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Nick Watney starts as FedEx Cup No.1 seed
August 25, 2011

Nick Watney starts the race for the $10 million FedExCup playoffs prize from the pole position as overall points leader heading into Thursday’s opening round of The Barclays at Plainfield Country Club.

Lurking just off the pace are heavyweights including world number one Luke Donald, number three Steve Stricker and the world’s sixth-ranked Phil Mickelson among the 123-man field.

Watney, twice a winner this year on the PGA Tour, begins the four-event, season-ending series with an edge, but the 30-year-old Californian knows how quick things can change.

“Pole position is a good analogy, because you have to play well to stay there,” Watney told reporters on Wednesday. “It’s nice to start there, but obviously a lot can happen.”

Just two years ago, unheralded American Heath Slocum crept into a 125-man field as the 124th-ranked player but edged Tiger Woods on the final hole for The Barclays victory and catapulted to third in the standings.

The top 100 players in the points list qualify for next week’s Deutsche Bank Championship in Boston, with the leading 70 there reaching the BMW Championship. The top 30 qualify for the Tour Championship finale.

The overall points winner pockets the eight-figure bonus.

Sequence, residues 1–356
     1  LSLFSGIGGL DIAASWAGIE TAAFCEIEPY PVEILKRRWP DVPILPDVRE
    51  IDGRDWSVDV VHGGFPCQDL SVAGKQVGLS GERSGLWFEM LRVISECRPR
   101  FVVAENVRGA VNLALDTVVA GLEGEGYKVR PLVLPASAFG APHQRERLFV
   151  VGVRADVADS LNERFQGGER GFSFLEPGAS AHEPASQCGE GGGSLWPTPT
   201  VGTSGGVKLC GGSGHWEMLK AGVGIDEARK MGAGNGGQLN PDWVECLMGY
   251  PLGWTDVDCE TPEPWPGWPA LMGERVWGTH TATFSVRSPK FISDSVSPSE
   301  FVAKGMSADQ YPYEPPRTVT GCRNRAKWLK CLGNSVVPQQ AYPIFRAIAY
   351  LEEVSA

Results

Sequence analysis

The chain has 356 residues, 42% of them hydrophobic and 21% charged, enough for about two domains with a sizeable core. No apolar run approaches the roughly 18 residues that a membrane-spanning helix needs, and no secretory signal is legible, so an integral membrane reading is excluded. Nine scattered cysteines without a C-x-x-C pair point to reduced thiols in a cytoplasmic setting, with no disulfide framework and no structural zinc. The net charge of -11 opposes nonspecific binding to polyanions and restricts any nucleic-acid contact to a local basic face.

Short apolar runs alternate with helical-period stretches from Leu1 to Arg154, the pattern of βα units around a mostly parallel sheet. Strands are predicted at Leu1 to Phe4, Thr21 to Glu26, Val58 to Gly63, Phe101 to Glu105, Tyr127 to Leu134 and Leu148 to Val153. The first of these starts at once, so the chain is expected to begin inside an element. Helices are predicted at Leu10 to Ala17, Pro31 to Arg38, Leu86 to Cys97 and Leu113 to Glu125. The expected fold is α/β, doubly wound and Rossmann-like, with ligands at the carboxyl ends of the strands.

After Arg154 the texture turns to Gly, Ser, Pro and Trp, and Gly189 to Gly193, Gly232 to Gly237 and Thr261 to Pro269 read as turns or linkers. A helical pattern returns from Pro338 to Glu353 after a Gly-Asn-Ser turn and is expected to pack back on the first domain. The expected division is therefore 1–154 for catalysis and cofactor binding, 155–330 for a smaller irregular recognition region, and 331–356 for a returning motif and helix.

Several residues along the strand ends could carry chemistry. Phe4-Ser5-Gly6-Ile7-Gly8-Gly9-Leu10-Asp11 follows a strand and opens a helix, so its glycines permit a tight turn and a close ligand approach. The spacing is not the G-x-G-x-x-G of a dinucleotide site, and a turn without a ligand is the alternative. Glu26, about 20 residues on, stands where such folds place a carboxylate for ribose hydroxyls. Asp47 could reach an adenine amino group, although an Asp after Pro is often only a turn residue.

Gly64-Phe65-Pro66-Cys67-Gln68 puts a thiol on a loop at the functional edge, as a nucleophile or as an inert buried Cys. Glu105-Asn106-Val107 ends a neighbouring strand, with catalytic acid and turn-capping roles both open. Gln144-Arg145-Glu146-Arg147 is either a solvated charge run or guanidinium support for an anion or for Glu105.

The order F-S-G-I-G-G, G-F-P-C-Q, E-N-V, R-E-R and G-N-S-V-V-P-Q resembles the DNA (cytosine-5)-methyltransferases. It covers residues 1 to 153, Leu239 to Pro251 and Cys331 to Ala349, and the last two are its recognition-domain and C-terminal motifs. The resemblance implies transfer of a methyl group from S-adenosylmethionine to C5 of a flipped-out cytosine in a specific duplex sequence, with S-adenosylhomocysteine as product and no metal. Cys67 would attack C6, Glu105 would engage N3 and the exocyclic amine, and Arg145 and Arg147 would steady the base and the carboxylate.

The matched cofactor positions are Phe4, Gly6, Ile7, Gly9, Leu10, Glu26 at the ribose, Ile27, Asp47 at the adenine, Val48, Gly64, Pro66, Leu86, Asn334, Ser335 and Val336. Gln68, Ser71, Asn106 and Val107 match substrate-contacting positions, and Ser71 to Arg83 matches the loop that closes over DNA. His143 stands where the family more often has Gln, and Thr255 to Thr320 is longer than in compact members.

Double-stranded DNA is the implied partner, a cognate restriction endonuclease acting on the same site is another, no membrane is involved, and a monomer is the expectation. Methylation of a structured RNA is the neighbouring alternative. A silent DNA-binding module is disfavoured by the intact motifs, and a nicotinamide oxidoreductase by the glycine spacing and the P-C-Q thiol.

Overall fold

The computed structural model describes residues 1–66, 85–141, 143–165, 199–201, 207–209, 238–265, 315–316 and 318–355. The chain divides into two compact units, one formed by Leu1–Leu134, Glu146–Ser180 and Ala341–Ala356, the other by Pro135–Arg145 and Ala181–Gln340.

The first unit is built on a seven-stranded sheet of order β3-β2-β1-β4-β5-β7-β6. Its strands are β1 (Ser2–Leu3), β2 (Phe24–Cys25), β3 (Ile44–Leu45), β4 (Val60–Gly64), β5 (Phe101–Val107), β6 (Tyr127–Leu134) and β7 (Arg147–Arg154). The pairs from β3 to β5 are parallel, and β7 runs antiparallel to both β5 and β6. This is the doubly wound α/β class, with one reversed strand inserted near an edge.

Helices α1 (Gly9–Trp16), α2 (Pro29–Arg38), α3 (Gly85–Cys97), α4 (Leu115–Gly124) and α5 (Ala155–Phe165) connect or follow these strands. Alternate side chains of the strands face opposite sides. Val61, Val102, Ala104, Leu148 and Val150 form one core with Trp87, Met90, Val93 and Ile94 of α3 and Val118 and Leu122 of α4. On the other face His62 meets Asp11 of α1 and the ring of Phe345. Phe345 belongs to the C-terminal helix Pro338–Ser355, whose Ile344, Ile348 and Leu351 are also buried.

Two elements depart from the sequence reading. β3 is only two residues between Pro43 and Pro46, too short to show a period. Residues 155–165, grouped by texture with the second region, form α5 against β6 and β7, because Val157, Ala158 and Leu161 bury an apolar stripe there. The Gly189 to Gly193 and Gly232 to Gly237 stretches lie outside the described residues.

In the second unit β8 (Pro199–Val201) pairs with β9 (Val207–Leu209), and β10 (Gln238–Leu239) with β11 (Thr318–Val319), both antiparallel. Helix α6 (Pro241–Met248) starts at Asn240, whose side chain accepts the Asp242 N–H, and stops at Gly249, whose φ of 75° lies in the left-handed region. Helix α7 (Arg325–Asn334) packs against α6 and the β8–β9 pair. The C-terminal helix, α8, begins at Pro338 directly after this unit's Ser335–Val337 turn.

Mickelson, winner of four majors, views the FedExCup crown as something special after calling his 2009 Tour Championship victory one of his better wins that year.

“But it wasn’t enough to win the FedExCup,” lamented Mickelson, who finished behind Woods in the playoffs. “It would be pretty cool to be able to do that. I have not done that yet and I would like to.”

Winning The Barclays would be a great first step, but will require mastering a course the features fast, sloping greens, tree-lined fairways, heavy rough and a reachable par-four 18th that could produce high-drama at the finish.

“It will be real exciting,” Watney said about the uphill hole that is expected to be played from about 285 yards. “A guy leading by one shot, a lot can happen. If he hits a poor shot, he can lose a tournament outright.”

Mickelson, known to go for broke on the golf course, predictably raved about the finishing hole.

“It’s terrific,” the big left-hander said. “If I ask anybody to think of your favorite hole, it’s (usually) either a par-three under 150 yards or a drivable par-four, occasionally a reachable par-five.”

Last week’s winner of the Wyndham Championship, Webb Simpson, said the opportunity to post an eagle at the last would increase the tension.

“When you’re two back coming to the last hole, you’re certainly not out of it,” he said.








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